Finally, Oteh bows out of SEC as Director General


After weeks of intrigues and intense lobbying, the Director General, Securities and Exchange Commission, SEC, Arunma Oteh has finally taken a bow from the exalted job.

President Goodluck Jonathan rejected a request for the extension of tenure and approved the appointment of a Commissioner in the Commission, Mounir Gwarzo, as acting Director-General.

Inside source claimed that the President rejected a memo from the Coordinating Minister for the Economy and Minister of Finance, Dr. Ngozi Okonjo-Iweala, seeking a second term for Oteh.

The memo was said to be based on the Secretary to the Government of the Federation SGF) Anyim Pius Anyim’s recommendation.

Though originally favoured to grab the second term because of her closeness to both the President and Finance Minister, sources claimed that an evaluation showed that her performance was “neither sterling nor spectacular.”

The government reportedly found that the stock market has not recovered from the 2008 financial crisis, besides, Oteh may have been sacrificed to resolve the lingering “Executive-National Assembly face-off” over her tenure.

“Despite intense lobbying by some government officials and business players, the President stood his ground that Ms. Oteh should not come back.

“Jonathan rejected a memo from the Minister of Finance, Dr. Ngozi Okonjo-Iweala seeking the retention of Ms. Oteh. The Minister based the case for Oteh on a strong recommendation by the SGF, Anyim Pius Anyim.

“To some extent, the SGF misled the Minister because the indices did not add up for Oteh as to earn a renewal of tenure. There was no convincing statistics to prove that Oteh has led the stock market to a leap recovery.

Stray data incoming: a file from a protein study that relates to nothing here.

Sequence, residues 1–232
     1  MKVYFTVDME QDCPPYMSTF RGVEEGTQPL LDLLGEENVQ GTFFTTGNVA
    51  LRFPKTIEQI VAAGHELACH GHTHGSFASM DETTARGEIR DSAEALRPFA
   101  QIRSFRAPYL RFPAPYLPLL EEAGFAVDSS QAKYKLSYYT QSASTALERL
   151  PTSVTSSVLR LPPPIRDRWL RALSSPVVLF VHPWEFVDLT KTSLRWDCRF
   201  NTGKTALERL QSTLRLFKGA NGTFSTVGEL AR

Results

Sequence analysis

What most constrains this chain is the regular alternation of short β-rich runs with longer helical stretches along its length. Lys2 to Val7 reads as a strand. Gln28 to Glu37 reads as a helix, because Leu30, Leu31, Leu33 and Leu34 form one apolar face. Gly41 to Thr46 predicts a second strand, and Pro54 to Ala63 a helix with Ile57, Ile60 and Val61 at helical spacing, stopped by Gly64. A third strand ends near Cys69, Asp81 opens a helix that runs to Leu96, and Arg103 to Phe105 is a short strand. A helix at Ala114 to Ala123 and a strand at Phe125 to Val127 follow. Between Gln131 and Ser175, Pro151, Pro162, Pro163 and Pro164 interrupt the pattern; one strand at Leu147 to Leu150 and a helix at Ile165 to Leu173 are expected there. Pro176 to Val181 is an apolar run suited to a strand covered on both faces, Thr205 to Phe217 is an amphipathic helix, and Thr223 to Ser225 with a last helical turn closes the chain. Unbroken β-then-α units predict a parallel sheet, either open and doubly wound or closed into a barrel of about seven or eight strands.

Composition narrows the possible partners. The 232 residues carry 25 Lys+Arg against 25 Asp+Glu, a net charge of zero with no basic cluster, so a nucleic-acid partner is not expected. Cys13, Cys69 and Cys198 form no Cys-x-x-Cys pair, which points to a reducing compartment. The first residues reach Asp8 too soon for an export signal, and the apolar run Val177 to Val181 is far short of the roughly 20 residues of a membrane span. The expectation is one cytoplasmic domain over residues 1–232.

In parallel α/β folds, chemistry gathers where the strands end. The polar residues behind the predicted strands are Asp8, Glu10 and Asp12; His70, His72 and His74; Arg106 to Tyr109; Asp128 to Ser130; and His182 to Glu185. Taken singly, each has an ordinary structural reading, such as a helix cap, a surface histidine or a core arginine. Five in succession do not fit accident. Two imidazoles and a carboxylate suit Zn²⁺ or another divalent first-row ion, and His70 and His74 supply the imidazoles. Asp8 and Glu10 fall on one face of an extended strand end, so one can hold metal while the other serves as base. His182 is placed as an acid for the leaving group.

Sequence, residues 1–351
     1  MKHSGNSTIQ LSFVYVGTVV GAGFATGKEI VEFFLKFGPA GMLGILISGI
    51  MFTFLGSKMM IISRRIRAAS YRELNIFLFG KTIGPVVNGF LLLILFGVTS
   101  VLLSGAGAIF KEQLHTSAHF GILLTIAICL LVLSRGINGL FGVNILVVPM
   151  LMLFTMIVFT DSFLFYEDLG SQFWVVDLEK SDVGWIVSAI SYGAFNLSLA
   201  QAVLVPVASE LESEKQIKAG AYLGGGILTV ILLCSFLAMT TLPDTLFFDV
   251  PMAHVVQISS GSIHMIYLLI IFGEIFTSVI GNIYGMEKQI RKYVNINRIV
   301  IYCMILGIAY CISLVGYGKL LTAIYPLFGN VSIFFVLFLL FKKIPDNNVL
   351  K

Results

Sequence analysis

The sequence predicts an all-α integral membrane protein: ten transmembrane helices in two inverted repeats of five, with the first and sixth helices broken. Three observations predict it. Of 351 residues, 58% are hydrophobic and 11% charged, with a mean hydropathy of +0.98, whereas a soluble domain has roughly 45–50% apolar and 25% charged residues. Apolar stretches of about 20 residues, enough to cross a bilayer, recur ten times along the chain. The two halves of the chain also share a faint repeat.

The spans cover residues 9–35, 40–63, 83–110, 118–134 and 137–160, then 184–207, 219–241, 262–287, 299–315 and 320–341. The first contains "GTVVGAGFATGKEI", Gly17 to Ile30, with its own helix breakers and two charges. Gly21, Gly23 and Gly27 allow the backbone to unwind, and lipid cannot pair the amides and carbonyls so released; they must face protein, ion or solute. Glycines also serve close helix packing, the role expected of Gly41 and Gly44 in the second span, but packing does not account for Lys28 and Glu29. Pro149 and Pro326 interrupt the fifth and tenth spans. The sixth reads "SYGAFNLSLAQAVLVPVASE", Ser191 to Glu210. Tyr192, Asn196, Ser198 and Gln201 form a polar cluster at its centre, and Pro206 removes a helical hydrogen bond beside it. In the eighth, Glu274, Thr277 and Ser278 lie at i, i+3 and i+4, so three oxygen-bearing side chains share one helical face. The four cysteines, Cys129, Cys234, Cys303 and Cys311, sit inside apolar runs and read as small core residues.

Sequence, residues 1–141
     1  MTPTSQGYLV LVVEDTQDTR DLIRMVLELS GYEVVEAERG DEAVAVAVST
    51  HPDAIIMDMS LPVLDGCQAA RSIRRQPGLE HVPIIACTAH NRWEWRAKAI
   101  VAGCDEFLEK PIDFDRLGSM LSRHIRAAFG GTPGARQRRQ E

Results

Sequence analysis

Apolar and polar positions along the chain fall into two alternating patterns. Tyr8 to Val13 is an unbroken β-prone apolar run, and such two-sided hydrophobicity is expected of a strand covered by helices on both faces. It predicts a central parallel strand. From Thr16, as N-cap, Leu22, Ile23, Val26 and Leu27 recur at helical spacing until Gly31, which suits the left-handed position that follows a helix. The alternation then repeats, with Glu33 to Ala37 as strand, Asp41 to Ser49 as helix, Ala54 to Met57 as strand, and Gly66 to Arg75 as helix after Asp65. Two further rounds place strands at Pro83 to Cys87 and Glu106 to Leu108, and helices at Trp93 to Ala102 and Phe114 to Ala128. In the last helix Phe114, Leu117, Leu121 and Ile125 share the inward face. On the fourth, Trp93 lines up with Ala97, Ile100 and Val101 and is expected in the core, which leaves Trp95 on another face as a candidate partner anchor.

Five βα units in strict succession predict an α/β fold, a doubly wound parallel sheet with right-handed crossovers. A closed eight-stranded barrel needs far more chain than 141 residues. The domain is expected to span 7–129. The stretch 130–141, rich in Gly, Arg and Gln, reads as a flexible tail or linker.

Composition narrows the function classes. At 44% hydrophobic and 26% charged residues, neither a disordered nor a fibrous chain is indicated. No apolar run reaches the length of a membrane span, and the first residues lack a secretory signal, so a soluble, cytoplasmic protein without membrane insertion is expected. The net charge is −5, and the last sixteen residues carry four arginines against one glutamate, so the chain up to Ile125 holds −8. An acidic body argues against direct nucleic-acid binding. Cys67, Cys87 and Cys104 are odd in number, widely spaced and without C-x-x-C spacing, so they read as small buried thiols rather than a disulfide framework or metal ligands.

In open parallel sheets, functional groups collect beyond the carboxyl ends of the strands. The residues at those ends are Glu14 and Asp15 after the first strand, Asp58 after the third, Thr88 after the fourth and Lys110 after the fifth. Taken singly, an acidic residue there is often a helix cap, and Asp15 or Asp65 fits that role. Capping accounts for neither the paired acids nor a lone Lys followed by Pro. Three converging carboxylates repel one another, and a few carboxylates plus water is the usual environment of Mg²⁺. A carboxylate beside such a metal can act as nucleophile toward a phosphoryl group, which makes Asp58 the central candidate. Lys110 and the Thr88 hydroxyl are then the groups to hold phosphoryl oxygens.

“No one could explain why the Office of the SGF which suspended her while in office will be the one championing her retention. I think there was a tribal connotation to it.

“The evaluation of her tenure indicated an average performance because she was rated as ‘neither sterling nor spectacular. The President chose to look beyond ethnic sentiments and stood on the side of truth and the public yearning for a change in SEC.

“Stakeholders in the Stock Exchange Market, workers and others alike wanted a fresh breath of air in SEC. You will recall that at the peak of SEC crisis in 2012, Ms. Oteh’s commissioners even disowned her.

However, in a statement announcing Oteh’s exit on Sunday, the Commission said Oteh would be remembered for her passion, purpose, articulation and implementation of reform measures driven by the vision to transform the Nigerian capital market into world class.

“She was in a hurry to see Nigeria achieve a world class capital market that will drive development and make Nigeria one of the most attractive investment destination,” it said.

Some of her accomplishments, according to the statement, include restoration of investor confidence through strong enforcement actions and improvement of rules and regulations and investor education.

It said that SEC established the National Investor Protection Fund and strengthened its Administrative Proceedings Committee to deepen and broaden the market.

The statement said that “The market witnessed significant product innovation, improved listing rules, landmark bond market reforms widening of participation in the markets through licensing and coming on stream of other capital trade points.

“Under her leadership, the SEC also championed reforms at the Nigeria Stock Exchange that witnessed a more robust output and delivery in its operator/oversight role.”

The initiative to revamp NSE listing rules, it said, led to landmark transactions in dual listing of SEPLAT Petroleum on the NSE and the London Stock Exchange in April 2014, as well as the development of an alternative securities market.

It said Oteh would certainly be remembered for rescuing the capital market from the doldrums in which it was mired as a result of sharp practices that were rife and the global financial crisis soon after she assumed office in January 2010.

Oteh was appointed by the late President Umaru Musa Yar’Adua in 2009 but resumed in January 2010.

However, sources close to the Commission told our correspondent that the Oteh’s decision to quit became absolutely necessary following her failure to secure the support of the Presidency through a powerful lobby group advocating an extension of her terms.

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